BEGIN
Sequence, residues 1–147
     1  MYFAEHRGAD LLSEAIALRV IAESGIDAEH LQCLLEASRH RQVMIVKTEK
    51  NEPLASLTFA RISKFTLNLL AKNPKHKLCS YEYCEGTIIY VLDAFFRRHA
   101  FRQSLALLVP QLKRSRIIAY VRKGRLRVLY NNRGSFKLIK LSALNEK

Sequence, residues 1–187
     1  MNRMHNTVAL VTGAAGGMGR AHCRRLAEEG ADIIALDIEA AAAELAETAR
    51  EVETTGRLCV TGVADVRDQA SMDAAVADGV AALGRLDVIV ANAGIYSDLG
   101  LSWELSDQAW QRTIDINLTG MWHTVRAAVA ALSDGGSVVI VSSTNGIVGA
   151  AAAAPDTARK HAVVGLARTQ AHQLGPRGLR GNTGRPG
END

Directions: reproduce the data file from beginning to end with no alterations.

Sequence, residues 1–147
     1  MYFAEHRGAD LLSEAIALRV IAESGIDAEH LQCLLEASRH RQVMIVKTEK
    51  NEPLASLTFA RISKFTLNLL AKNPKHKLCS YEYCEGTIIY VLDAFFRRHA
   101  FRQSLALLVP QLKRSRIIAY VRKGRLRVLY NNRGSFKLIK LSALNEK

Sequence, residues 1–187
     1  MNRMHNTVAL VTGAAGGMGR AHCRRLAEEG ADIIALDIEA AAAELAETAR
    51  EVETTGRLCV TGVADVRDQA SMDAAVADGV AALGRLDVIV ANAGIYSDLG
   101  LSWELSDQAW QRTIDINLTG MWHTVRAAVA ALSDGGSVVI VSSTNGIVGA
   151  AAAAPDTARK HAVVGLARTQ AHQLGPRGLR GNTGRPG